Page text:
"Strangely enough, it comes to me complete. I don't have to figure out the first eight [bars], the second eight, the middle -- I mean the whole thing comes to me at once," says Jon Hendricks of his lyric writing, so artfully tailored that he has been dubbed the Poet Laureate of Jazz.

Better known from his days with Lambert, Hendricks & Ross, one of jazz's best known vocal groups ever, Hendricks works as a soloist when not writing lyrics, but sometimes the lyrics take over.

"I have some strange kind of gift," he muses. "I just can't get the words down fast enough sometimes." Hendricks will open at Cates in Alexandria Tuesday for three weeks.

The Toledo native started singing in church in the late 1920s and was soon writing songs. He began earning a living with his voice when he was 9.

"I never had any formal musical training," he explains. "My father was a minister in the African Methodist Episcopal church and my mother led the singing. When I was 7 I joined her and that's where I really learned, in church, where jazz is learned anyway."

Well, that's one of the places where Hendricks learned the basics. Toledo was often on the itinerary of the big bands as they wound their way across the land, by bus, automobile convoy or rail, and many musicians sought invitations to the Hendricks household because the minister's wife served up good meals and had two daughters of dating age. In addition, family friends like Fats Waller often dropped by when in Toledo. "So I got to know all these people," recalls Hendricks.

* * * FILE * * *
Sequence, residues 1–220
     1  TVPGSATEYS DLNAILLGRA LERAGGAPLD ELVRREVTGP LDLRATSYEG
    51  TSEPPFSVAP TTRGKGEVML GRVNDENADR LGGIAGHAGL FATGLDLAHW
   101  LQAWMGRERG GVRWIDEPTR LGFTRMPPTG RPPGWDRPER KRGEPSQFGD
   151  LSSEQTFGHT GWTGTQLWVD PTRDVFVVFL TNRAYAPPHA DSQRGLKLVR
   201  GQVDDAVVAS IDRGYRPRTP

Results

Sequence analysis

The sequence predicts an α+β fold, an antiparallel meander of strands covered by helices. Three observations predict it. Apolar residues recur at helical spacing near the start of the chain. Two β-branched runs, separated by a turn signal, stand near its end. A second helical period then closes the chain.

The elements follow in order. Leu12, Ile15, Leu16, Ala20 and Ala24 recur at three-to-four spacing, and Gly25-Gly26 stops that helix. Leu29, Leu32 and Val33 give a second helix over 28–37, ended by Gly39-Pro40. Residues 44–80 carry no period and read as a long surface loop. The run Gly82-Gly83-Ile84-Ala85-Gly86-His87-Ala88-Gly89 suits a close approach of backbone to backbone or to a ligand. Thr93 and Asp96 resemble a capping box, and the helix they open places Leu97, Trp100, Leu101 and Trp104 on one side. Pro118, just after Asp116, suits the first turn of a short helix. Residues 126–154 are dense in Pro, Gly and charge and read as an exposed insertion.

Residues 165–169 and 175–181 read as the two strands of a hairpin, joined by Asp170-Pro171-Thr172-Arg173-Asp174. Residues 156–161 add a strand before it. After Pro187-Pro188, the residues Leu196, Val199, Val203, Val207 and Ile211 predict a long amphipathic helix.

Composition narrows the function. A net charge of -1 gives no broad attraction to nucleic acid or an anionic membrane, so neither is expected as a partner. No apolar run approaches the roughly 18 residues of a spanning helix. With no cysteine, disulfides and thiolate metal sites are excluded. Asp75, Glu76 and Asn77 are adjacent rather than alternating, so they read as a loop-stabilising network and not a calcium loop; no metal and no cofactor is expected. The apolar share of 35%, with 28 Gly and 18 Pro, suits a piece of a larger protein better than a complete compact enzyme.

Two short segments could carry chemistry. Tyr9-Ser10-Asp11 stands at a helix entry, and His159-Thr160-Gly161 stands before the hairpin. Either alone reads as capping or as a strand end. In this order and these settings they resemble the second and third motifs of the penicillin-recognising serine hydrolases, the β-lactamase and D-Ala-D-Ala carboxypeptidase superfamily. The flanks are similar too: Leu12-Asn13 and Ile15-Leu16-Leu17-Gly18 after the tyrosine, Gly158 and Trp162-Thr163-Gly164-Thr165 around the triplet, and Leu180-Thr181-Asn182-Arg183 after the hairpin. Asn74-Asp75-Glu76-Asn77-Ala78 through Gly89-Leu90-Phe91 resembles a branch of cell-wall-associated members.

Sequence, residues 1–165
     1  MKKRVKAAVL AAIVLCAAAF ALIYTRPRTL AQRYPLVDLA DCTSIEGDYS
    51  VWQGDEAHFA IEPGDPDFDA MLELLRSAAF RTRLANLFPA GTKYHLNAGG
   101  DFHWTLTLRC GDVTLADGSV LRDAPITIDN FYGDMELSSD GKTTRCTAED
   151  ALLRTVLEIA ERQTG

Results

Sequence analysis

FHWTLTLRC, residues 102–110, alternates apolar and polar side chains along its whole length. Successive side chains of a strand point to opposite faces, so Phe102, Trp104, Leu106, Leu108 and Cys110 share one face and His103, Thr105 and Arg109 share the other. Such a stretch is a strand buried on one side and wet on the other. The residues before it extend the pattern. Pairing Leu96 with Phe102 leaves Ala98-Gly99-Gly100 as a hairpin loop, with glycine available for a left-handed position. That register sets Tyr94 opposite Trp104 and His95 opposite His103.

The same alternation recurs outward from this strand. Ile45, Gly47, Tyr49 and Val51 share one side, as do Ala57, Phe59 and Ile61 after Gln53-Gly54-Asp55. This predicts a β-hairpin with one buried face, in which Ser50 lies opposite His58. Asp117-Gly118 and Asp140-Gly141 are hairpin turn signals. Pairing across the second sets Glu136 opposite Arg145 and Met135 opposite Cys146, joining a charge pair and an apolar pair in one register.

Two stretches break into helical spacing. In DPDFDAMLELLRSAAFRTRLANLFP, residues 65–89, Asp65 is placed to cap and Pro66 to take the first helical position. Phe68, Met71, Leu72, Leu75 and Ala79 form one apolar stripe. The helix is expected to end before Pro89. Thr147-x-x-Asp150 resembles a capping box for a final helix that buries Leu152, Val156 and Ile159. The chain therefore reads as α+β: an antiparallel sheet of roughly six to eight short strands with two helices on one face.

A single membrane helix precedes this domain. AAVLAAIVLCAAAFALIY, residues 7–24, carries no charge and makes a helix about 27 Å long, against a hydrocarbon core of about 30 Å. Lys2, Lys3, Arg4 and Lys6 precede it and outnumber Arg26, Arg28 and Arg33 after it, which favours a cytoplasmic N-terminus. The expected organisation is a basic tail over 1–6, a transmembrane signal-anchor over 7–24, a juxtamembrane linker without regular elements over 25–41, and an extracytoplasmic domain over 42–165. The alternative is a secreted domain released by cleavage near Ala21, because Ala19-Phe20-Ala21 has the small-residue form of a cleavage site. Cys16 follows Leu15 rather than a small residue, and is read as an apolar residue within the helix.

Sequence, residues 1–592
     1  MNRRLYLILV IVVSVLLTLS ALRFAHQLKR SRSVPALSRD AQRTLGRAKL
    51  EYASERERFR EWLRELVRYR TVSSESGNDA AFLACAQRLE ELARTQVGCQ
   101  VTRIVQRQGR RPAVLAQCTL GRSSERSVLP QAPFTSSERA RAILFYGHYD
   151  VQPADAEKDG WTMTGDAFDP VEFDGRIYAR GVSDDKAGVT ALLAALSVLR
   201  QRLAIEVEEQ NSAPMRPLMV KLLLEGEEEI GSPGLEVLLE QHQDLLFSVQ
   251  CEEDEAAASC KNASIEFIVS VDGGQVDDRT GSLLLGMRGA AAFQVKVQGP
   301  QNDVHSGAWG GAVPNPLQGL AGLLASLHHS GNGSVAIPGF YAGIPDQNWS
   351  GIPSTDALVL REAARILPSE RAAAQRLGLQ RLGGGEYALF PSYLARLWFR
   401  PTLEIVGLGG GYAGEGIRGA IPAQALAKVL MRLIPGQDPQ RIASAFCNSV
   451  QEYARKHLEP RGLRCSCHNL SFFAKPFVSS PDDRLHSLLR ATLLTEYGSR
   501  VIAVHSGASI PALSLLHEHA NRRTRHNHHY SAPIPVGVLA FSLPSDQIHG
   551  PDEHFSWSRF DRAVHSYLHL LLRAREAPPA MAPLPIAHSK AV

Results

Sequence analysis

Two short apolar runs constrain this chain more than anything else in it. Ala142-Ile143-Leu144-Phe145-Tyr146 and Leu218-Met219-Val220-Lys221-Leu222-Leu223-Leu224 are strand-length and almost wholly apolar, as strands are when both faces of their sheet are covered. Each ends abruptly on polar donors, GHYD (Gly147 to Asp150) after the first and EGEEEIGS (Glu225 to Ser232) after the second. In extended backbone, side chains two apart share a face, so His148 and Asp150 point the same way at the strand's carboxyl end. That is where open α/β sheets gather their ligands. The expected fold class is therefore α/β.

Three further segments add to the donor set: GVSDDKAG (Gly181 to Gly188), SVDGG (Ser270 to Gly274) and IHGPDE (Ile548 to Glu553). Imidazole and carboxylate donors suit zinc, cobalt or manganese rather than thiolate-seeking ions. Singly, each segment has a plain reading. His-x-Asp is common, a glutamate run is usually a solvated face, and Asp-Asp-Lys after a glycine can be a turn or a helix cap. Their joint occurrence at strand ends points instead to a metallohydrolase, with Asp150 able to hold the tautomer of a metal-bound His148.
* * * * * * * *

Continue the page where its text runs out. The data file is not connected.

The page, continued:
Much musical knowledge inevitably came Hendricks' way in such an environment, but it was from a neighbor that the youngster "learned the rudiments of the music so that when later I met Diz [Dizzy Gillespie] and Bird [Charlie Parker] I was already scatting bebop." The neighbor was pianist Art Tatum, who was the teen-age Hendricks' accompanist in the Waiters and Bellmen Club. "When I originally started working there," Hendricks remembers, "they used to hide me downstairs when the police came in."

Hendricks came to prominence in 1958 with Lambert, Hendricks & Ross, which remained intact until 1963.

Annie Ross has recently again joined Hendricks for some festival appearances. Dave Lambert was killed in an auto accident in 1966. Hendricks spent five years in England, and since returning to this country and settling in San Francisco in 1973 he has performed with his group, Jon Hendricks & Family, and as a solo vocalist.

He is currently preparing an off-Broadway show that he says will be based on his "experiences in the world of jazz and my meetings with Duke Ellington, Count Basie, Miles Davis, Diz, Bird, Thelonious Monk and so forth, plus samples of their music."

With his 64th birthday coming up and more than a half century on the bandstand, Hendricks believes "the acceptance of jazz in this country is increasing" but still has a considerable way to go.

"The one decent thing that happened from a high governmental level, as far as America's real cultural art form is concerned, is when Jimmy Carter had a jazz festival on the White House grounds and sang 'Salt Peanuts' with Dizzy Gillespie.

"When the president of the U.S. gives a party and has no jazz, that, to me, is giving aid and comfort to cultural genocide."